F. Scott Fitzgerald once described Joan Crawford as the quintessential flapper:

“ … the girl you see at smart nightclubs… toying iced glasses with a remote, faintly bitter expression, dancing deliciously, laughing a great deal with wide, hurt eyes…”

But what did the flapper of the ‘20s think about herself and the radical new world she lived in?  Following are quotes from the most famous flappers of the day.

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“A kiss on the hand may feel very, very good, but a diamond and sapphire bracelet lasts forever.”      –Anita Loos,  author, Gentlemen Prefer Blondes

 “Marriage ain’t a woman’s only job no more. A girl who’s worked hard and earned her place ain’t going to be satisfied as a wife. … I think a modern girl’s capable of keeping a job and a husband.”  — Clara Bow, actress

Zelda FItagerald 1920s

Zelda Fitzgerald 1922

 “If you want to see the girl next door, go next door.”   –Joan Crawford, actress

“… the Flapper awoke from her lethargy of sub-deb-ism, bobbed her hair, put on her choicest pair of earrings and a great deal of audacity and rouge and went into the battle. She flirted because it was fun to flirt and wore a one-piece bathing suit because she had a good figure, she covered her face with powder and paint because she didn’t need it and she refused to be bored chiefly because she wasn’t boring.”     –From “Eulogy on the Flapper,” 1922,  Zelda Sayre Fitzgerald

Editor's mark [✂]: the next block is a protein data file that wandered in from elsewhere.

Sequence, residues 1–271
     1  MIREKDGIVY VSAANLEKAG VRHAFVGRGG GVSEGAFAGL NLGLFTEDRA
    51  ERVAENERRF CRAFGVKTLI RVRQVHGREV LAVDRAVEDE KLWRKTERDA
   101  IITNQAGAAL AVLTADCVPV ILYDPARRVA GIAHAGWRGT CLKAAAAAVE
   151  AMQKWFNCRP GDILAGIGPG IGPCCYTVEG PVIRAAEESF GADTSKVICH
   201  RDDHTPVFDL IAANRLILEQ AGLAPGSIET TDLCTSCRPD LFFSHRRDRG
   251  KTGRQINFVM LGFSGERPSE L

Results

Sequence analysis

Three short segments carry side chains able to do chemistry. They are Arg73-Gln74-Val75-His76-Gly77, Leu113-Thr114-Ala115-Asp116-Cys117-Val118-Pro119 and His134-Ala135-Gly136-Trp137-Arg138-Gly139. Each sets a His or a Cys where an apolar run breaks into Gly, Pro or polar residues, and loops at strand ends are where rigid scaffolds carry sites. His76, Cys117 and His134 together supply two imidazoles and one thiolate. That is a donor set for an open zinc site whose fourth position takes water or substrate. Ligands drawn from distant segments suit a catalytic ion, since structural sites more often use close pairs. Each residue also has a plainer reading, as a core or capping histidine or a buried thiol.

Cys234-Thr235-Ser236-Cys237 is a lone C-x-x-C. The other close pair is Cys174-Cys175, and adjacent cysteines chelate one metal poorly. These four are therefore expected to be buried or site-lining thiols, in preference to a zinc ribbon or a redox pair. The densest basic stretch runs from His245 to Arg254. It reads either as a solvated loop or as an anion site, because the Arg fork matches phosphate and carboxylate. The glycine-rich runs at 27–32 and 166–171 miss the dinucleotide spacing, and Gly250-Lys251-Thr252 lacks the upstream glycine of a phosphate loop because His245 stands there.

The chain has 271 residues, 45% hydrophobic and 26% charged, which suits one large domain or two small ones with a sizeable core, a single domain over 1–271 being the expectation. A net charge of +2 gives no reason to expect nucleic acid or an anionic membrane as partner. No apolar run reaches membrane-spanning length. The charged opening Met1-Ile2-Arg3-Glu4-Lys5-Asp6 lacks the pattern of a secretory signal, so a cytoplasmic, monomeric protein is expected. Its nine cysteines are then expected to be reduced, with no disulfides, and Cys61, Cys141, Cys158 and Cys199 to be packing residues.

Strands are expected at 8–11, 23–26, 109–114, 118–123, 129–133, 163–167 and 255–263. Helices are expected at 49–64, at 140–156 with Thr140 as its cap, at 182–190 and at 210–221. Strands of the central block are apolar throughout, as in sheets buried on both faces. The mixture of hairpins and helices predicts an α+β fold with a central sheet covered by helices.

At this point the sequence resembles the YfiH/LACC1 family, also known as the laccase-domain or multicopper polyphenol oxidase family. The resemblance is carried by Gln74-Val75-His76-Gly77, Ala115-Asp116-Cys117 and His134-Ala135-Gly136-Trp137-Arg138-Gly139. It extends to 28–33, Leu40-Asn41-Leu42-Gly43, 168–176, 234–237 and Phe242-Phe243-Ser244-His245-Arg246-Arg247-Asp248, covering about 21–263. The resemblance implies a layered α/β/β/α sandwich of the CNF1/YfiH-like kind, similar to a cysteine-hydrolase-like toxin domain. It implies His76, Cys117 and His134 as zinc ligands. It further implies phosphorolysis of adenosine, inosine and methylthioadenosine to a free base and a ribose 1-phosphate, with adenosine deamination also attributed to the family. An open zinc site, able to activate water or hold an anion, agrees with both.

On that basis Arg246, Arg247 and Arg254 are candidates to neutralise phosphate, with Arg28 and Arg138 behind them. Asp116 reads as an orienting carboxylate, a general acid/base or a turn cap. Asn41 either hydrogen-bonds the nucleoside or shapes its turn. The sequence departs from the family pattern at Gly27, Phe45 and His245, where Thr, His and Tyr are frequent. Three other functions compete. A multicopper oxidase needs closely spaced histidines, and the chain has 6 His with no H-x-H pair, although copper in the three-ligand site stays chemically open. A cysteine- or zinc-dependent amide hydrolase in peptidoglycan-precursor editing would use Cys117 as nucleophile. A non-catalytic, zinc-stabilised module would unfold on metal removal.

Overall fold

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What do you think? Have our young women changed much over the course of nearly a century? Or is that old saying true… there’s nothing new under the sun?